New York CityGagosian Gallery
Richard Prince: Hoods
May 10 – June 25, 2022
Richard Prince’s body shop of horrors here, a deconstruction of the American vehicle, is an elegantly orchestrated grand guignol of stock and customized hood forms as stand-ins for paintings with a few minimalist asides of free-standing parts and whole muscle car carcasses. And is there any American dream machine more representative of the restless substance of “American Spirituality” than the Fordist automobile? A pure product of the assembly line gone mad, the American car is the perfect prima materia from which Prince can ignite innumerable false starts. The wall-bound hoods contain galaxies of fiberglass and Bondo biomorphic forms, in multiple colors often approximating early Rothkos, derived from the kind of obsessive additive and subtractive sculptural process in car culture needed to obtain a “customized” status. It’s the kind of deeply sardonic yet dumbly engaging formal joke that Prince habitually drops into all his work: “Here’s a rack of interchangeable parts derived from mechanized pop culture that I’m going to further customize, and in the process parasitically hack the very host-dependent process of pop culture itself, all the while maintaining the cool disinterest of the consummate used-car salesman.” The audience (or critic) is made to play the part of the hapless consumer to Prince’s devilish schtick, the clutch of which he’s made so easy to engage.
A mostly untitled series of early “Hoods” (circa 1987–1990) is distributed in two sections of this sprawling show. Hung together, these are the most minimal on display and relatively subdued in their surface treatment. Their colors recall the muted, clay like hues of early Brice Marden, yet equally the anodyne color treatments typical of Allan McCollum’s roughly contemporary series of plaster “Surrogates.” McCollum’s deployment of proxy objecthood was characteristic of a cadre of artists that emerged from the 1980’s such as Sherrie Levine, Cindy Sherman and Jeff Koons, to which Prince is certainly attached, yet in this show he definitely brings his painterly game to court. Besides the obvious reference to painting in the frontal display and basic planarity of his pop tabula rasa, as early as 2001 with Grease Lightning, for instance, Prince gets more fully engaged with the slight surface variations and colors inherent to the process of building up and then sanding down the body filler for custom car modifications like the air scoop protuberance in this piece. It’s primarily limited in hue to the auto-prep colors of gray primer and pink Bondo. The artist’s adherence to such base materiality lends this and a somewhat related work, American Dream (2007-08), a crass yet rather classical solemnity. Coming Down The Mountain (2006) is the most painterly of this selection because of its very gestural and asymmetric swaths of ground and sanded steel and Bondo mounted on wood. Such a mounting suggests the template modelling associated with the vacuum forming or mold making processes of industrial prototyping, as do two large free-standing sculptures here, The Sound (2004–2005) and Season of the Witch (2006). In each of these a scooped hood tops a primer gray block that extrudes its form down to the ground, therefore comprising a built- in base. There’s an obvious stylistic nod to the phenomenological essence that exudes from a Donald Judd or Tony Smith. The latter’s cubic Die (1968) was titled in such a way to ambiguously refer to the mortal wager yet also to the serial reproducibility (and so recurrent immortality) of industrial tool and die production. Considering the often phallic association with auto-erotics and custom car fetishism, one could say Prince’s sensibility here falls somewhere between Duchamp’s Nine Malic Molds (1915) and Smith’s Die, with a certain ludic flick of Smith’s shooting from the hip.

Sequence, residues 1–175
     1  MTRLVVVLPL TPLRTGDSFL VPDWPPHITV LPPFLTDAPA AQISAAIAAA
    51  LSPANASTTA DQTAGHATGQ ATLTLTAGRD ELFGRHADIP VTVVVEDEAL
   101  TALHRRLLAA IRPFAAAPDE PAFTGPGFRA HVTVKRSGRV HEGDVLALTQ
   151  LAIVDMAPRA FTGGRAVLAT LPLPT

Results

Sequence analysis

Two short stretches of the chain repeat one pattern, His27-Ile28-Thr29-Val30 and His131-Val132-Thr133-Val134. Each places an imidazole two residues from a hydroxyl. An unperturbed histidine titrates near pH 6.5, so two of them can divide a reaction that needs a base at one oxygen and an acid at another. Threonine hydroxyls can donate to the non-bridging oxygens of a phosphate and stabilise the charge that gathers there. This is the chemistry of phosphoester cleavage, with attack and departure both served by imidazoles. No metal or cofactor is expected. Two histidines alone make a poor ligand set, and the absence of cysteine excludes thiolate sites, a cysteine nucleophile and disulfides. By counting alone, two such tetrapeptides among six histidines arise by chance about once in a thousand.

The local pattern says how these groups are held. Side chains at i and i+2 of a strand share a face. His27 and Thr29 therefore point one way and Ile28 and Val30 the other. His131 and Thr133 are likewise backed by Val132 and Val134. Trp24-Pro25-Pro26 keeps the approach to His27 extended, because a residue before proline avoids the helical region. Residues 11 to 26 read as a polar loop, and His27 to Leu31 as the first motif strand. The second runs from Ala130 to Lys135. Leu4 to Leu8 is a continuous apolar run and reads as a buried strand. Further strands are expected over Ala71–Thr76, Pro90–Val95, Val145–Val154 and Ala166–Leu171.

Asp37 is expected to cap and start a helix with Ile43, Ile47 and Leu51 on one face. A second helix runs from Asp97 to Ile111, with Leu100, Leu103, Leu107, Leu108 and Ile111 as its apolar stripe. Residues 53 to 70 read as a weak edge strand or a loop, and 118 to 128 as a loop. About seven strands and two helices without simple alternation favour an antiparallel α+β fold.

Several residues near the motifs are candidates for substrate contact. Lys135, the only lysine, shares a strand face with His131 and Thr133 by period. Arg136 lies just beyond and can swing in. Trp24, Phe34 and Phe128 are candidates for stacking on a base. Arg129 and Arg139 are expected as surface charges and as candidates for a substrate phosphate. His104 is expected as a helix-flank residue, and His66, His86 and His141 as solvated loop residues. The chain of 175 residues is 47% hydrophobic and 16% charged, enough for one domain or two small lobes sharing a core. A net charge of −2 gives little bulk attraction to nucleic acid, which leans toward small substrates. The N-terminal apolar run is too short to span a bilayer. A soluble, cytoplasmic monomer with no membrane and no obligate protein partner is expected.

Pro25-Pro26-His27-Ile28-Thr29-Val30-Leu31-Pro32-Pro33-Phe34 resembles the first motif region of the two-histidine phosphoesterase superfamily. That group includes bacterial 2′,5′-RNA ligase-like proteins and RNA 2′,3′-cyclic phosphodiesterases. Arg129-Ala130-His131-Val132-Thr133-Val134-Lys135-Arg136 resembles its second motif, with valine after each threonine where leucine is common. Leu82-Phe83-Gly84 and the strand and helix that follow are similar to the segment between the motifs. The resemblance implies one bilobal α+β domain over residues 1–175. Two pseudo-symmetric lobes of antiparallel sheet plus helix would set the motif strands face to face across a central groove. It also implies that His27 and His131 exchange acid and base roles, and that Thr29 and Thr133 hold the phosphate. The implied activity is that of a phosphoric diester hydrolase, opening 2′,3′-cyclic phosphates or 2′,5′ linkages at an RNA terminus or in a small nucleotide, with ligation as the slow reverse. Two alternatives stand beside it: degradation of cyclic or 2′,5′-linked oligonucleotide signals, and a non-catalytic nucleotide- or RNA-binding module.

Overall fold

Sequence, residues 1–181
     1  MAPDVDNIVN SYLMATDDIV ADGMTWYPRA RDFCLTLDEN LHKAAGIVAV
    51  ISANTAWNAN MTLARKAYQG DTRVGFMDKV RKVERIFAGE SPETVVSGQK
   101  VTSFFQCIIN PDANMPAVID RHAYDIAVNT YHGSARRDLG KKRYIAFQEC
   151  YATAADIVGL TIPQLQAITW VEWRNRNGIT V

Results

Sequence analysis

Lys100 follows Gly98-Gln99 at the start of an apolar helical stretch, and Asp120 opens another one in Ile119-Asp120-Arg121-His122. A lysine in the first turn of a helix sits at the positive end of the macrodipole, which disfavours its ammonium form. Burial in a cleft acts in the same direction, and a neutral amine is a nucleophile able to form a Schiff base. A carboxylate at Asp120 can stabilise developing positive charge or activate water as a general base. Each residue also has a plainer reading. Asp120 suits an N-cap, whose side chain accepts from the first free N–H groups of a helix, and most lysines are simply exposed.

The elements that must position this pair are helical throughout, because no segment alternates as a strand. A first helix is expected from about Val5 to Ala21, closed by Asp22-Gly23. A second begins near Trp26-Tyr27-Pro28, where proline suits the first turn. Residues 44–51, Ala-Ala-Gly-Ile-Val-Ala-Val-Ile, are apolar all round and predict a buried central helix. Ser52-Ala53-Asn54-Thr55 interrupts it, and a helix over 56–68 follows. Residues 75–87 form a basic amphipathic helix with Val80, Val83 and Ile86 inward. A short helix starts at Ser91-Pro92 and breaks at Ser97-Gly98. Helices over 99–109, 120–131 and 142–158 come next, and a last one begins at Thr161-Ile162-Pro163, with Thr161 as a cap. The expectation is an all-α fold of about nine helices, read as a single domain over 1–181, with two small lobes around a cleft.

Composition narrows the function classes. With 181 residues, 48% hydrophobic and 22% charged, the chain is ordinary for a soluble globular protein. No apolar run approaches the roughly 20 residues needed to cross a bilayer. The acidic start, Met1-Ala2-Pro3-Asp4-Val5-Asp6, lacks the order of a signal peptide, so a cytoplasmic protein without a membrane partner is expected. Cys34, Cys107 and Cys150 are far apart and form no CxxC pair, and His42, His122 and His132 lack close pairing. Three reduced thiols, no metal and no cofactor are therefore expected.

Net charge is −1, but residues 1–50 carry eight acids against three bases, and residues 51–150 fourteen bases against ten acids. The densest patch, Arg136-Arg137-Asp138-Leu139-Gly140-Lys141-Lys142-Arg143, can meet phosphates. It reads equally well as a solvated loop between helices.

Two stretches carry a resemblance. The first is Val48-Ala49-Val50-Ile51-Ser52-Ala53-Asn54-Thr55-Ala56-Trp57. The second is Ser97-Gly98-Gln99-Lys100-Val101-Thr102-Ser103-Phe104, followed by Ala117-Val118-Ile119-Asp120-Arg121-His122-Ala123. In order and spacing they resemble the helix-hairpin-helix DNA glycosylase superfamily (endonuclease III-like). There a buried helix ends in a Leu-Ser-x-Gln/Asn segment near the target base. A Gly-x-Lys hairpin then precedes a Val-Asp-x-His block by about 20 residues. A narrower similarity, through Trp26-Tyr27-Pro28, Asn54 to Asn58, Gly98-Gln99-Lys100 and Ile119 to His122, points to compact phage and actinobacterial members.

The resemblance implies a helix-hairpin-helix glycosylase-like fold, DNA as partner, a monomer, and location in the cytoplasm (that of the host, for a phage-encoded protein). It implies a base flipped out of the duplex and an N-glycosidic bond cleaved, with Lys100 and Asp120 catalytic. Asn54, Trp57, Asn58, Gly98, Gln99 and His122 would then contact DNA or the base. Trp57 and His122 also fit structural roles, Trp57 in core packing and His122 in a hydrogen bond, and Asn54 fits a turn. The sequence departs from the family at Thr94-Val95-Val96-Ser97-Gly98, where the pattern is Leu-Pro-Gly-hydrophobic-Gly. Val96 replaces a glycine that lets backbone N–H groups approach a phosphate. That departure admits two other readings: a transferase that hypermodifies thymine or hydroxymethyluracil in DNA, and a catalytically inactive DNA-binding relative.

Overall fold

Other off-the-wall works include Abstract Threat (2006) and Untitled (2014). The first is a welding of a basketball hoop to another hood while the second is a mostly stock but partially deconstructed Dodge Challenger. Two critical questions arise when encountering these works, since they seem rather fringe to Prince’s usually artful dissemblance. The awkward hybrid quality of the two generic forms in Abstract Threat tends, paradoxically, to muddy the purity of their squalid marriage, while the hot orange readymade of Untitled protests too much of Prince’s characteristic cool. Nevertheless, he successfully stages in the overall show, as he has done across his career, an American mirror intervention, so that a critical apperception of its archetypal templates prompts a reflexive subjective/objective projection, further chopped, lowered and customized by Prince’s complicitly conflicted interest as American fine artist/pop connoisseur.